# Water tower/spring system Diff Eq

1. Mar 3, 2013

### SithsNGiggles

1. The problem statement, all variables and given/known data

Suppose a water tower in an earthquake acts as a mass-spring system. Assume that the container on top is full and the water does not move around. The container then acts as a mass and the support acts as the spring, where the induced vibrations are horizontal. Suppose that the container with water has a mass of 10,000 kg. It takes a force of 1000 N to displace the container 1 m. For simplicity, assume no friction. When the earthquake hits the water tower is at rest.

Suppose that an earthquake induces an external force $F(t)=mA\omega^2\cos(\omega t)$.

What is the natural frequency of the water tower?

Find a formula for the maximal amplitude of the resulting oscillations of the water container (the maximal deviation from the rest position). The motion will be a high frequency wave modulated by a low frequency wave, so simply find the constant in front of the sines.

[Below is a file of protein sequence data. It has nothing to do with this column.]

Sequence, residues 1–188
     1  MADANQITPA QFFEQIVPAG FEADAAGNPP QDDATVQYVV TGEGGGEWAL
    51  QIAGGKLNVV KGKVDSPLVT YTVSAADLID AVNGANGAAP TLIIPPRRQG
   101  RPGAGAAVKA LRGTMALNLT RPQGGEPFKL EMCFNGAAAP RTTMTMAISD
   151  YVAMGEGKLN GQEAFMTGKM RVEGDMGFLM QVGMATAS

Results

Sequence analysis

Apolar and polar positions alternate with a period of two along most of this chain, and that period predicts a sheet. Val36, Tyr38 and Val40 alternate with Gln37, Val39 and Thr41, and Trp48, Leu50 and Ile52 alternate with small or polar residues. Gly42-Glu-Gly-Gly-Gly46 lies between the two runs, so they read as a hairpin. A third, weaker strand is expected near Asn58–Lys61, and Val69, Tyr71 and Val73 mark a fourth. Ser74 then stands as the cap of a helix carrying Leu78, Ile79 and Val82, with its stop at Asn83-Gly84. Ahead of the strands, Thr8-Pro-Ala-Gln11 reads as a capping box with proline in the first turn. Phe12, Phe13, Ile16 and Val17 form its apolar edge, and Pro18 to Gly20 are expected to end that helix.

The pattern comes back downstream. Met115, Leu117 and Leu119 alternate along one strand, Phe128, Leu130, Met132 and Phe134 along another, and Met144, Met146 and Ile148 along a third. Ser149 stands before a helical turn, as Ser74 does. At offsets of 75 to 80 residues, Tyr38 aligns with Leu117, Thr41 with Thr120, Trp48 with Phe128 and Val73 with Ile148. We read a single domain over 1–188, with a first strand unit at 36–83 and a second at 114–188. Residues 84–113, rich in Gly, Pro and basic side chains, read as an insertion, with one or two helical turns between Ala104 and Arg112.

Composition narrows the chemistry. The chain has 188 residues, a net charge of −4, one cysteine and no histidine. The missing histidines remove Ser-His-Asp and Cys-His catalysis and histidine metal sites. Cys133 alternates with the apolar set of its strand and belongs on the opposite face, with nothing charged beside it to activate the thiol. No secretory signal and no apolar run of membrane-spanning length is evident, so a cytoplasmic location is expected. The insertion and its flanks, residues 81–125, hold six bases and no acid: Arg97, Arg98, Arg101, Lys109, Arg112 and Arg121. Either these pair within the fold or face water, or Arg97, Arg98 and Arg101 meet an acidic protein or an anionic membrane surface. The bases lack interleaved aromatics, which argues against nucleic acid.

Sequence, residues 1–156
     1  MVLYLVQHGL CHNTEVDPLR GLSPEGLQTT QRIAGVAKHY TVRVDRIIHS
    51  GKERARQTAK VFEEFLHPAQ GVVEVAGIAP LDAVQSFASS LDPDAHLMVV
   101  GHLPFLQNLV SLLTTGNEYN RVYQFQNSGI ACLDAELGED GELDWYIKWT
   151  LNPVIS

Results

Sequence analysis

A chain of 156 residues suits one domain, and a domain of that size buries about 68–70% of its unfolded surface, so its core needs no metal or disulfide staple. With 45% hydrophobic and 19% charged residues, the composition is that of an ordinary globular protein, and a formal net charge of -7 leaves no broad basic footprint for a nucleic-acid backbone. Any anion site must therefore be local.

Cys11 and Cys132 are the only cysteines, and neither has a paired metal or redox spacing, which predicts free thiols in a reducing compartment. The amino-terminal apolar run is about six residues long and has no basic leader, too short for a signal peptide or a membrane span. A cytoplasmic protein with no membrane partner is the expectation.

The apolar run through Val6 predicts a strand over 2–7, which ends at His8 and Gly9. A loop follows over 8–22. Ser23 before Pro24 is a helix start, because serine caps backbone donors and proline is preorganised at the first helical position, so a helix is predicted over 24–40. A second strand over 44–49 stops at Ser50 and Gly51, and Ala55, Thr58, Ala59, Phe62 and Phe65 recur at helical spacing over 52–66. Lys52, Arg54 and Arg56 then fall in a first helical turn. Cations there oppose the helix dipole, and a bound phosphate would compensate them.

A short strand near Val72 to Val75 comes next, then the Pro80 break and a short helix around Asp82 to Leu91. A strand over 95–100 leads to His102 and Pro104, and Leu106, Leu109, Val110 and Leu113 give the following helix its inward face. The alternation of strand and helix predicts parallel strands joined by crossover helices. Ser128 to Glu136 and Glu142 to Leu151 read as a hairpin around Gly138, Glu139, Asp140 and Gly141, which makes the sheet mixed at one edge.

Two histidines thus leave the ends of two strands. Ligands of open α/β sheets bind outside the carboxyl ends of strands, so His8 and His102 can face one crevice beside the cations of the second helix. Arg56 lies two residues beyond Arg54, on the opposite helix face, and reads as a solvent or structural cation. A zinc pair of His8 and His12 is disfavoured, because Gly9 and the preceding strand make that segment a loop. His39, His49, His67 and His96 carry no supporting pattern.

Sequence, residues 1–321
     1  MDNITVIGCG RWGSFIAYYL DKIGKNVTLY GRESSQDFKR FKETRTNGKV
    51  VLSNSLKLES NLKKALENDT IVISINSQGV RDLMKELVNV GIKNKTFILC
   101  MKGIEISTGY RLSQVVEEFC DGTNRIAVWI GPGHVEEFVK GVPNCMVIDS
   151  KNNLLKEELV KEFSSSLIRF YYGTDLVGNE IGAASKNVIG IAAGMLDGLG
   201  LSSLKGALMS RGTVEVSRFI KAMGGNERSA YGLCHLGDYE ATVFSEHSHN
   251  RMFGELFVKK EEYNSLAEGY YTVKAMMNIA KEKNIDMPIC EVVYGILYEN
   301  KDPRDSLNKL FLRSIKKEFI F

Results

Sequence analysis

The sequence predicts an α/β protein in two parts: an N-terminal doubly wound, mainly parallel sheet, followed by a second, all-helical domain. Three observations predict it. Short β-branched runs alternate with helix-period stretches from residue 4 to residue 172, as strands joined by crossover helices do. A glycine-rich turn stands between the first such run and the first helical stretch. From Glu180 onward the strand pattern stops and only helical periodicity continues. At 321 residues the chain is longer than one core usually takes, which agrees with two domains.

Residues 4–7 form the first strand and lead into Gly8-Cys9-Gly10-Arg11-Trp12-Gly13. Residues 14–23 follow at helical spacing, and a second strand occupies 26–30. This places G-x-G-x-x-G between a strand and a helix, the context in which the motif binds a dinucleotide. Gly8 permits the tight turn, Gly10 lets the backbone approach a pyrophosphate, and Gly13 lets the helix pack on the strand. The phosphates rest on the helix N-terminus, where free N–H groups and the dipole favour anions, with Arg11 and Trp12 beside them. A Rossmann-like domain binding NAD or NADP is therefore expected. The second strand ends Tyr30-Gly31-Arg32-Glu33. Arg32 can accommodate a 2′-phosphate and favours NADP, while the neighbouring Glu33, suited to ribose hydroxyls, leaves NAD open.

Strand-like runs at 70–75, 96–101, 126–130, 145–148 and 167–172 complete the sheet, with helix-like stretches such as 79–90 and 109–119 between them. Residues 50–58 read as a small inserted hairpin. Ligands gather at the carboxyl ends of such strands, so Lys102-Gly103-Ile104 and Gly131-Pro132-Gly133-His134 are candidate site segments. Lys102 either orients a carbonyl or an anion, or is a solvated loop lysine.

2. Relevant equations

3. The attempt at a solution

Here's the differential equation I set up:

$10,000x''+1,000x=mA\omega^2\cos(\omega t)$

For the natural frequency, I used the formula $\omega_0=\sqrt{\frac{k}{m}}$, which gives me $\omega_0=\sqrt{\frac{1}{10}}\text{ rad/s}=\frac{1}{2\pi}\sqrt{\frac{1}{10}}\text{ Hz}$. Is this right?

And for the second part, do I just solve this equation? I'm not sure what it means to find the "constant in front of the sines."

2. Mar 3, 2013

### HallsofIvy

What you have is that $y(t)= cos(\sqrt{1/10}t)$ and $y(t)= sin(\sqrt{1/10}t)$ are solutions to the associated homogeneous equation, 10000x''+ 1000x= 0. Can you find the general solution to the entire equation?

3. Mar 3, 2013

### SithsNGiggles

Yup, I've found that the general solution is
$\displaystyle x(t)=C_1\cos\left(\sqrt{\frac{1}{10}}t\right)+C_2 \sin \left(\sqrt{\frac{1}{10}}t\right)+\frac{mA \omega ^2}{1000-10000\omega^2}\cos(\omega t)$

We're also assuming $\omega\not=\omega_0$ for the second part. I forgot to put that in my first post.

By the way, is the $m$ in the solution the same as the mass of the water tower?